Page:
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This post, written by Bridget Gaudette, our spring intern for Members and Partners programs, originally appeared at emilyhasbooks.com.
I was inspired by a recent article by George Dvorsky, the Chair of the Institute for Ethics and Emerging Technologies. The article was titled “Why Humanists Need to Make the Shift to Post-Atheism.” First, let’s examine what he could mean by “post-atheism.” I posit two possibilities: 1. describes humanity when all religious belief has disappeared. In this case, we’d all be post-atheists because atheism would be too irrelevant to have any value in our identity; 2. suggests that there is a more evolved and thus more desirable state than atheism. That is, it reflects a more clear-headed and less heated stance that some atheists will eventually reach as they mature beyond atheism. I believe #2 is the perspective that the author is drawing from.
The central theme of the article was to encourage us to move away from bashing religion while building up the humanist movement. The part of the article that got me thinking was in the first paragraph. Dvorsky said, “I’m getting annoyed by all the anti-religious propaganda that litters my Facebook newsfeed […]. What are you hoping to achieve by posting such facile and inflammatory material?”
I am guilty of posting the occasional anti-religious picture meme or quote myself, but I do not see the point in the extremes. I don’t want to see a Jesus or Mohammed engaged in sexual acts with each other. I don’t believe it serves the greater good. The same is true with publicity stunts that some in the secular movement feel are necessary. I am coordinating a protest with some fellow freethinkers and the concept was simple: we get some signs and a group of people and we let the townsfolk know that we oppose religious encroachment on public property. I was criticized for not introducing more drama. When I asked what I should have done, the criticizer stated that she would have brought a bunch of fake rocks and done a faux-stoning. In the fashion of WWJD, I thought about a person who found success when fighting for equal rights: MLK Jr. What would he have done? Dress up in whiteface and drag around a chained-up black man for dramatic effect to demonstrate the societal shackles that black Americans were still encumbered by? No. I don’t think so. This would have gotten him more press, which is the point of such stunts, yes, but does it help legitimize the movement? Do we get taken more seriously? I think we have to look at best practices. What actions have brought about the most change? Stunts or lawsuits? Dramatics or persistence? Costumes or reason?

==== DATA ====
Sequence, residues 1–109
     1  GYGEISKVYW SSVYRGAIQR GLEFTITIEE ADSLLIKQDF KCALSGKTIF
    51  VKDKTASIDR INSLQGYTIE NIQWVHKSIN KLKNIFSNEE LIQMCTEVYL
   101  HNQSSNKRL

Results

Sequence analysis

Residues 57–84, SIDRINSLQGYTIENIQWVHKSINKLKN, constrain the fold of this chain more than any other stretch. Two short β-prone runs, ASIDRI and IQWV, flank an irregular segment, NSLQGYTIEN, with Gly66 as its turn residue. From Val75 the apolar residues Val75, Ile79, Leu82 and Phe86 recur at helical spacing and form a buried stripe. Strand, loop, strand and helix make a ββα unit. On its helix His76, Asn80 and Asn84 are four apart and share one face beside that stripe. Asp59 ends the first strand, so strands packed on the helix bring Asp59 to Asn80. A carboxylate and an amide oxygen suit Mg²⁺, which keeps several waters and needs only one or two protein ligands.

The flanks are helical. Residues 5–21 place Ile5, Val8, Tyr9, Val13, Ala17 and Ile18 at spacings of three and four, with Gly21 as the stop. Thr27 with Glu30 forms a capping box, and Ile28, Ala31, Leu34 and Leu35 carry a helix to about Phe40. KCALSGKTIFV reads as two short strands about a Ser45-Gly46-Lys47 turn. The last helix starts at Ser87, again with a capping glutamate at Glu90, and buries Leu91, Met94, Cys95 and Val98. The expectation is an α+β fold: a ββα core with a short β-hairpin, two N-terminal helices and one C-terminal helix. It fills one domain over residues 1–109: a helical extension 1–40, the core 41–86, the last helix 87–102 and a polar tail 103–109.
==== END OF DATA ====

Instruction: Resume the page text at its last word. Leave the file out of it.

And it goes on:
All this being said, I, like Voltaire, might not agree with what you say or how you say it, but I will defend to the death your right to say it. We all need to vent, and this is good for our mental health. Some folks do this by displaying anti-religious pictures or by lashing out at theists. That’s fine as long as the goal of bettering humanity is always in the forefront. Add some substance.